Effects of temporomandibular joint disorder in chewing cycle – UROP Spring Symposium 2021

Effects of temporomandibular joint disorder in chewing cycle

Yoshiki Kawase

Yoshiki Kawase

Pronouns: he/him/his

Research Mentor(s): Yuji Mishina, Professor
Research Mentor School/College/Department: Biological and Material Sciences, School of Dentistry
Presentation Date: Thursday, April 22, 2021
Session: Session 3 (1pm-1:50pm)
Breakout Room: Room 10
Presenter: 4

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Temporomandibular joint disorders (TMJD) are a series of disorders that affect the joint articulating the mandible and the skull, which is responsible for jaw movement. Abnormal jaw movement and abnormal temporomandibular joint (TMJ) shape are typical symptoms in TMJD patients. It is yet unknown whether abnormal TMJ movement is a result of the alterations in the TMJ in TMJD. In this study, we will use Evc2 mutant mice, which bears TMJ in abnormal shape, to understand if abnormal joint shape may lead to abnormal jaw movement. Currently, video of one mutant mouse, which has its Evc2 gene deleted in neural crest derived tissues, and one control mouse were taken to analyze jaw movement. After tracking fiducial markers planted in the mice with a program called XMALab onto a 3D coordinate plane for four consistent chews, we discovered a difference in chewing pattern between the mutant mouse and the control mouse by looking at the distance between the mandible and the skull in the duration of its chewing. We found that while the control mouse clearly had two types of chewing patterns, the mutant mouse only had a scattered chewing pattern with one noticeable type of chewing pattern. The chewing range of the mutant mouse was approximately half of that of the chewing range of the control mouse. Possible explanations of this is that the mutant mouse possibly is not physically capable of moving the jaw to do two cycles or the mouse could be in possible pain, preventing the two chewing patterns we saw in control. There is a notable difference in the chewing patterns between the control mouse and the mutant mouse, indicating that abnormal TMJ impacts chewing cycle.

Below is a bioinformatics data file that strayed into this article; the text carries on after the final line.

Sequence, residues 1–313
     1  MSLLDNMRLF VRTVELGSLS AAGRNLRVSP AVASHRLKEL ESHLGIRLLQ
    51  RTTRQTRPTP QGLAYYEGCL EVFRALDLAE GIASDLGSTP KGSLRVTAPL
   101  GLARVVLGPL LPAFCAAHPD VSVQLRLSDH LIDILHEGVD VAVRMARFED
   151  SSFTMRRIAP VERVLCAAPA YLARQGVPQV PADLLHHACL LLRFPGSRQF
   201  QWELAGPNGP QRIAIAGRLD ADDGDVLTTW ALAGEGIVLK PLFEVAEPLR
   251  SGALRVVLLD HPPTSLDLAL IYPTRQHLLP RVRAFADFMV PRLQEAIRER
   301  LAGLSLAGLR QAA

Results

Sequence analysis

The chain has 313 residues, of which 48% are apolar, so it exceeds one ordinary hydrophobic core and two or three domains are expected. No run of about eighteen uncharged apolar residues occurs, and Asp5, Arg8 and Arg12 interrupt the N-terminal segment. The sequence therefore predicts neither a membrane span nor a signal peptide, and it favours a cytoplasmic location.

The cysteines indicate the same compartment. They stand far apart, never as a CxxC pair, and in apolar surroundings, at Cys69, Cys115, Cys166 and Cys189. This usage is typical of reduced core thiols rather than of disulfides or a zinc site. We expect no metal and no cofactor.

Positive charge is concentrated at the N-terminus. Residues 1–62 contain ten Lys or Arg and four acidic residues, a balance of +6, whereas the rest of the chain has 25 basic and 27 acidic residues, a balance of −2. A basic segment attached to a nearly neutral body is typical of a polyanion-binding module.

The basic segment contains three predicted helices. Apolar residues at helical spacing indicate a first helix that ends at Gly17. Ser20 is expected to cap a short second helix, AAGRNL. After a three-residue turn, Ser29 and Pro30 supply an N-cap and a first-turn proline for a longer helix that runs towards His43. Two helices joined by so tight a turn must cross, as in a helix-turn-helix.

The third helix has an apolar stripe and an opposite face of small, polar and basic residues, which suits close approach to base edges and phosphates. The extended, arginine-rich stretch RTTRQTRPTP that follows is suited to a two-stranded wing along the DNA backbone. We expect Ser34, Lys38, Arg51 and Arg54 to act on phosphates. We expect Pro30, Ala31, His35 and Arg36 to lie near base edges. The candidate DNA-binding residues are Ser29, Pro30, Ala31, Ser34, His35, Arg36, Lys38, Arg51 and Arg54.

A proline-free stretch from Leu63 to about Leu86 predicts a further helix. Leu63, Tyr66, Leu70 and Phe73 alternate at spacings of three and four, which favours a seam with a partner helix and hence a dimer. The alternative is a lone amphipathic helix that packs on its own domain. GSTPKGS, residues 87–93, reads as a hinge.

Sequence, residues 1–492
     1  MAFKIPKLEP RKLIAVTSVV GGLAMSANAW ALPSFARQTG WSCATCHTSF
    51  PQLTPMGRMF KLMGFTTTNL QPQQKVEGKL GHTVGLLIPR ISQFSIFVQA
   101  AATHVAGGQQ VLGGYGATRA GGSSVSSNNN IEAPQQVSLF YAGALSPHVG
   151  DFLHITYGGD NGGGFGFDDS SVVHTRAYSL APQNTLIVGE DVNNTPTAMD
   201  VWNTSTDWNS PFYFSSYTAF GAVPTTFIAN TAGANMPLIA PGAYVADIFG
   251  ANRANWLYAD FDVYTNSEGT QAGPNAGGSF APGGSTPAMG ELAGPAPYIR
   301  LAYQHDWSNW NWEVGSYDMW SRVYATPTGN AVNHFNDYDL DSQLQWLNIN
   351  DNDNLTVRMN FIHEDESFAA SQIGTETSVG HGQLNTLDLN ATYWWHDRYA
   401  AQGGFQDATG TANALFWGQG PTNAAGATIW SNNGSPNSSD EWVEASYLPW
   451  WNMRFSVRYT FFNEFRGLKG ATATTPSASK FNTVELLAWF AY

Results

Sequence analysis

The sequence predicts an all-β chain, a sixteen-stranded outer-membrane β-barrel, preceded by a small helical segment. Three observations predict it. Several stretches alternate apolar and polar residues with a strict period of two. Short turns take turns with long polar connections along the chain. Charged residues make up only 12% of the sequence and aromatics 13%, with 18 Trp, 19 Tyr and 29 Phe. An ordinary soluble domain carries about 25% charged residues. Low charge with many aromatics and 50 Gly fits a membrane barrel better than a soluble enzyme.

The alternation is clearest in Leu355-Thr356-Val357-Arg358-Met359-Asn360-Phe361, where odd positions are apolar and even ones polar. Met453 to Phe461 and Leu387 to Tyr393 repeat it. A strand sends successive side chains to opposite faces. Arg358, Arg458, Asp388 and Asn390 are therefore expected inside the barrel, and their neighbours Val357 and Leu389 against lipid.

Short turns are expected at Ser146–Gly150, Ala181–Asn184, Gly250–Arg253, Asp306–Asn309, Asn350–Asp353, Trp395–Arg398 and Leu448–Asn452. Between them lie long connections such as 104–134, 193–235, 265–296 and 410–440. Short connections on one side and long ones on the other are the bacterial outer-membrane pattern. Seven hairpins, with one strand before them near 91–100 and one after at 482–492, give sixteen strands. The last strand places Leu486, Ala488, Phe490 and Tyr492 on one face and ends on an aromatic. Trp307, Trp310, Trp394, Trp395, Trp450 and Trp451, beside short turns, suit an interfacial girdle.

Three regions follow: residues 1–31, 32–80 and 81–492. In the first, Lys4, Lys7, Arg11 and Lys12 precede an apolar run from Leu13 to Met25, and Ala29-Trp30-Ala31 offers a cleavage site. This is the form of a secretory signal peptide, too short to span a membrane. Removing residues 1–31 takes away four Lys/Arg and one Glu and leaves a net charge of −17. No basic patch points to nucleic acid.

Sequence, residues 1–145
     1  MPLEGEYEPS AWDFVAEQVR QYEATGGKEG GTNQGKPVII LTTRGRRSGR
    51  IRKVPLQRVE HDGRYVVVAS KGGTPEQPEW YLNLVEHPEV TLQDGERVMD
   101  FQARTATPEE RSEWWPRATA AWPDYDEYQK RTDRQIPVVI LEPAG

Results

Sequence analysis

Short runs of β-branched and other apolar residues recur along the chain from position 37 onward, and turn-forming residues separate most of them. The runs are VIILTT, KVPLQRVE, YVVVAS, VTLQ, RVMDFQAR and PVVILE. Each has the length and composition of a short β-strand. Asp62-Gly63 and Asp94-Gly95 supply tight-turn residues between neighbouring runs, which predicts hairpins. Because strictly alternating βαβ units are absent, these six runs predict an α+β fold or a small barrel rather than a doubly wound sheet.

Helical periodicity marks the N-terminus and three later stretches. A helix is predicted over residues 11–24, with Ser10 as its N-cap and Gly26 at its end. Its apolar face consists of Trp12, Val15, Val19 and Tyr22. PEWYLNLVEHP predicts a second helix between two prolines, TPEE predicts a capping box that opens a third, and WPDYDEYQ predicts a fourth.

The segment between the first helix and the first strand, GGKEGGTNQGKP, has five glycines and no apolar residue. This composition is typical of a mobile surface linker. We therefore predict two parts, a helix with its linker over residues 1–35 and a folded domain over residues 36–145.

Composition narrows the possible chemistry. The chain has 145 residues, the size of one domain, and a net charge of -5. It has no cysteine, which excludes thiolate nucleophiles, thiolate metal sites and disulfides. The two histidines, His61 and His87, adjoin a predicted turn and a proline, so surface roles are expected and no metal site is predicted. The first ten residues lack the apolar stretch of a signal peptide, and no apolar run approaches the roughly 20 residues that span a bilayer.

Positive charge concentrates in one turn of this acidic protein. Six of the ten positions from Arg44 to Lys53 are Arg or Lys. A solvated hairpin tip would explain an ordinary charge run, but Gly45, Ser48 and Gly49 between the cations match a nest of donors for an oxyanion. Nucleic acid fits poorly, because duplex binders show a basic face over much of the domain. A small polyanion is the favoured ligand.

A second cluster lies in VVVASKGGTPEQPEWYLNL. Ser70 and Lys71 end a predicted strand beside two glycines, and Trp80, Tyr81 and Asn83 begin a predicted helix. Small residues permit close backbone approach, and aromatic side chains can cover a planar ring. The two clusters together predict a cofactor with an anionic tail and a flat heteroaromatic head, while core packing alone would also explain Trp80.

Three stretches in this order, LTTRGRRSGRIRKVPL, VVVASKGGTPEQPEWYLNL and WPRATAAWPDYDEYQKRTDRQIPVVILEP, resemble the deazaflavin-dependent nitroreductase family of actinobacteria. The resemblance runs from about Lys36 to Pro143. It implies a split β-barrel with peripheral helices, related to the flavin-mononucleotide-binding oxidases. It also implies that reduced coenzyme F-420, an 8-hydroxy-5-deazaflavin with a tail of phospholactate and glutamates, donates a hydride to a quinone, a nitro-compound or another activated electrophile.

Authors: Yoshiki Kawase, Yuji Mishina, PhD, Honghao Zhang, Ke’ale Louie
Research Method: Laboratory Research with Animals

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